ditegli adunque che fi levi di buona matina al fresco, é ? ché nel mezza giorno si ripost, perche in questi paesi men bilagna viiggiare al calda del giorno," Well, since

be 1

be will be gone, tell him he had best to rise early in 1689
the Morning, and rest himself at Noon; for in these
Countries it's dangerous to travel in the Heat of
the Day. In short, King James met with nothing
but Mortification at Rome, in the Person of his
Ambassador, whom he foon after recall’d, being
able to obtain of the Pope but Two inconfiderable
things, viz. a License for the Mareschal d'Humieres's
Daughter to marry her Unkle; and the other
a Dispensation of the Statutes of the Jesuits Or-
der, that Father Peter's might be a Privy-Counsel-
lor, and enjoy a Bishoprick; the want of which
was suppos'd to be the Reason of the Vacancy of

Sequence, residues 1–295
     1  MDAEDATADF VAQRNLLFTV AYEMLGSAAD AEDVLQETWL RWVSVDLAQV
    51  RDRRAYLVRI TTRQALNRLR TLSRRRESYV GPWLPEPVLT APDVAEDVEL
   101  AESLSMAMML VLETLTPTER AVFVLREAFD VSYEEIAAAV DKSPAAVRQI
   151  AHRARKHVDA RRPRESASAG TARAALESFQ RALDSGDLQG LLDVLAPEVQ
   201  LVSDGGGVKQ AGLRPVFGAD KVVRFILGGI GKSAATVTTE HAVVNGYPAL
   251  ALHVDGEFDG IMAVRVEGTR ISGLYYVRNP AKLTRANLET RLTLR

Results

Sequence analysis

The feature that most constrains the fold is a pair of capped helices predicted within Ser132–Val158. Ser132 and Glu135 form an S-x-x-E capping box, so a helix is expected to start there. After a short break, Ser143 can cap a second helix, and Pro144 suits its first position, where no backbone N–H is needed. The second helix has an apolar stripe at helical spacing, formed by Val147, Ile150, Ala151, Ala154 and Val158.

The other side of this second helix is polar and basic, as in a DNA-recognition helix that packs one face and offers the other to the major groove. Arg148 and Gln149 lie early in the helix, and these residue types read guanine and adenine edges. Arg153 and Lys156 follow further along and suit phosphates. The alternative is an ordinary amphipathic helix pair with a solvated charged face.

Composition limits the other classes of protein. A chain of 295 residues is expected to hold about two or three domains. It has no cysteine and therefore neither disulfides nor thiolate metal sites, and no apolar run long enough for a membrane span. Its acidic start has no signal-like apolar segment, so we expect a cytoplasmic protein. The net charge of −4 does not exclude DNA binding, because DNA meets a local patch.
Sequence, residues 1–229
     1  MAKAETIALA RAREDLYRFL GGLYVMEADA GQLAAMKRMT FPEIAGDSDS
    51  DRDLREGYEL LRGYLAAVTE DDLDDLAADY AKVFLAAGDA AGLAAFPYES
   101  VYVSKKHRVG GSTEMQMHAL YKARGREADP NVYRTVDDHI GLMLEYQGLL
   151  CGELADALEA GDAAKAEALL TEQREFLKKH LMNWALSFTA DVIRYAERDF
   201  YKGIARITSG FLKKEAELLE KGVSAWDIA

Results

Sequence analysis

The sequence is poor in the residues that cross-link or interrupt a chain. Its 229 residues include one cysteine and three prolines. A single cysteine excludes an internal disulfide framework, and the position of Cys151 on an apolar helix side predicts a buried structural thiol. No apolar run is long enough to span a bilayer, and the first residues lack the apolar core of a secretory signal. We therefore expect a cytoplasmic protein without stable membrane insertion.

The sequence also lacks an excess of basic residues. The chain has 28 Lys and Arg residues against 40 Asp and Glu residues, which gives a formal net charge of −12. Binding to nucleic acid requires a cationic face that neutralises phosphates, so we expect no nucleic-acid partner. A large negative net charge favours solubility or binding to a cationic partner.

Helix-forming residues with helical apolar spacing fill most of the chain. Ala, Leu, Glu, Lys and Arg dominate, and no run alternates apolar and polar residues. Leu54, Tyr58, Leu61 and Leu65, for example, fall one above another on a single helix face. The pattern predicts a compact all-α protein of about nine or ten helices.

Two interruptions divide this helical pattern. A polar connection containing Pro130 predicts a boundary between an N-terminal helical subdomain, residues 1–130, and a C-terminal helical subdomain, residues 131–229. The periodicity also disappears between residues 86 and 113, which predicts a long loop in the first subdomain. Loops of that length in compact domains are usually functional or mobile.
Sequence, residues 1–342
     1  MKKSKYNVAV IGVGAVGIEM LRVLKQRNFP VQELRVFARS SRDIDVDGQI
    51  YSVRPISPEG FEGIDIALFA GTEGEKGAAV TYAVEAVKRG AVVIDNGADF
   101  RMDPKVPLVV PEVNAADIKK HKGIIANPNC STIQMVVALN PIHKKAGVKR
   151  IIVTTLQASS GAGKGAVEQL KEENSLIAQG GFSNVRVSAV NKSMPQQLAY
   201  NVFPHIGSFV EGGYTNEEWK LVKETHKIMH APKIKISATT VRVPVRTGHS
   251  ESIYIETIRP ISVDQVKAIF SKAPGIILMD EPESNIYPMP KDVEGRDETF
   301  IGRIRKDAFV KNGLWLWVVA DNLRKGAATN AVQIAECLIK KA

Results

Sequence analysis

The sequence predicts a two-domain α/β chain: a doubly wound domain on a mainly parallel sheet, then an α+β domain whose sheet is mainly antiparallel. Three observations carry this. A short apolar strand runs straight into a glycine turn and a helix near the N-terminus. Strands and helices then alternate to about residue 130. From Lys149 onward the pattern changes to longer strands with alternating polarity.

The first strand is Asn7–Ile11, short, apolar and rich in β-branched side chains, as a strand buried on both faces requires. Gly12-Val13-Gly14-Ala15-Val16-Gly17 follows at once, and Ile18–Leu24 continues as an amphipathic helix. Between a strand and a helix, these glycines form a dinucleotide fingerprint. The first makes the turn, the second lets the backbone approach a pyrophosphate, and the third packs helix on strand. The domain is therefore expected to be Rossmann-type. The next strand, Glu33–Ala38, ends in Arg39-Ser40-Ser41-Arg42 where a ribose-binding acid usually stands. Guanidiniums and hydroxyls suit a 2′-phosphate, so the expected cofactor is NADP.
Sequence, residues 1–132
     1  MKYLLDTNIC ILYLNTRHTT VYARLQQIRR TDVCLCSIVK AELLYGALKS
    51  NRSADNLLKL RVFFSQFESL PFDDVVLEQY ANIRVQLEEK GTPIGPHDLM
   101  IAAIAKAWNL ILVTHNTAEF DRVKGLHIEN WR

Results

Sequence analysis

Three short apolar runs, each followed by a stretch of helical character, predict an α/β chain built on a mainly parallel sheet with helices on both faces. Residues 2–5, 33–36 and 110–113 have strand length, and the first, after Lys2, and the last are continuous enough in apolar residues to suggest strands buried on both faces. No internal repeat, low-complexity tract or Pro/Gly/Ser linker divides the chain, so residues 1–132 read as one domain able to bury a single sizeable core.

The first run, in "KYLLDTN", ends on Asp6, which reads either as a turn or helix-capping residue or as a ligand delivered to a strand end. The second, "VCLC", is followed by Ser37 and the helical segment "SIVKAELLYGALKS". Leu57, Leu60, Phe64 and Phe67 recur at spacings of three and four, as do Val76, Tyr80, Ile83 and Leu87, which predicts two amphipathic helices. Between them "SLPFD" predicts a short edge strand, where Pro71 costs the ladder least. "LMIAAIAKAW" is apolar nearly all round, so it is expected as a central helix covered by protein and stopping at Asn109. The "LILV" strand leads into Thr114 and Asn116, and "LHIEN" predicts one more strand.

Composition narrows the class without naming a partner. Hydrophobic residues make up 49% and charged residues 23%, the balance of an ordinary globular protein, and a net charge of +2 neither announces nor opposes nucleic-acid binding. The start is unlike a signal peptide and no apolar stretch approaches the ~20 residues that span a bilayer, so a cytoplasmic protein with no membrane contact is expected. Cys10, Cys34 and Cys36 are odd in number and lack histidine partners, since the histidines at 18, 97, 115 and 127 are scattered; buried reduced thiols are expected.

the Archbishoprick of York. As for the Supplies
which Castlemain had private Orders to ask, his
Holiness excus'd himself_upon Account of the
vaft Sums he gave the Emperor and the Vene-
tians to carry on the War against the Infidels,
The Jefuits at Rome made the Earl of Castlemain
fome Amends for the cold Treatinent he receiv'd
from the Pope ; for indeed they paid him the
highelt Respect imaginable, and entertain'd him
with the greatest Magnificence,

The Privy-Council of Scotland having acquain- Letter ted the King, that his Commands were exašly obey'd,